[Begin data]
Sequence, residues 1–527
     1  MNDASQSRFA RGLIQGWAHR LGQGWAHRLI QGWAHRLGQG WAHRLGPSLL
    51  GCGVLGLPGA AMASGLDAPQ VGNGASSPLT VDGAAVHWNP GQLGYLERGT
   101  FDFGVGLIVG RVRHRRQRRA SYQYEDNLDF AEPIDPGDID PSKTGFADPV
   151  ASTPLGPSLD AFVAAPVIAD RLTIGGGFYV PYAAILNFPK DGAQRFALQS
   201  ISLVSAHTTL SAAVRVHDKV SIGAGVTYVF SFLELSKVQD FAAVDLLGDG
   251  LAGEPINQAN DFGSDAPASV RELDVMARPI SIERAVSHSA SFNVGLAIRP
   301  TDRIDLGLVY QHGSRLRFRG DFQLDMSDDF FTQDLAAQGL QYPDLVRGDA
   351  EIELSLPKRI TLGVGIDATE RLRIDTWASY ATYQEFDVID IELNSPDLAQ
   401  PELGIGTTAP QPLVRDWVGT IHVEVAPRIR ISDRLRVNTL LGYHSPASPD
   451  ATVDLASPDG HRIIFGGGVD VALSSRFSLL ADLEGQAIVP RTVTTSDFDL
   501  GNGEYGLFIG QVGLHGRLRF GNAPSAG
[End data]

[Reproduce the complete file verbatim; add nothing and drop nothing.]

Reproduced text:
Sequence, residues 1–527
     1  MNDASQSRFA RGLIQGWAHR LGQGWAHRLI QGWAHRLGQG WAHRLGPSLL
    51  GCGVLGLPGA AMASGLDAPQ VGNGASSPLT VDGAAVHWNP GQLGYLERGT
   101  FDFGVGLIVG RVRHRRQRRA SYQYEDNLDF AEPIDPGDID PSKTGFADPV
   151  ASTPLGPSLD AFVAAPVIAD RLTIGGGFYV PYAAILNFPK DGAQRFALQS
   201  ISLVSAHTTL SAAVRVHDKV SIGAGVTYVF SFLELSKVQD FAAVDLLGDG
   251  LAGEPINQAN DFGSDAPASV RELDVMARPI SIERAVSHSA SFNVGLAIRP
   301  TDRIDLGLVY QHGSRLRFRG DFQLDMSDDF FTQDLAAQGL QYPDLVRGDA
   351  EIELSLPKRI TLGVGIDATE RLRIDTWASY ATYQEFDVID IELNSPDLAQ
   401  PELGIGTTAP QPLVRDWVGT IHVEVAPRIR ISDRLRVNTL LGYHSPASPD
   451  ATVDLASPDG HRIIFGGGVD VALSSRFSLL ADLEGQAIVP RTVTTSDFDL
   501  GNGEYGLFIG QVGLHGRLRF GNAPSAG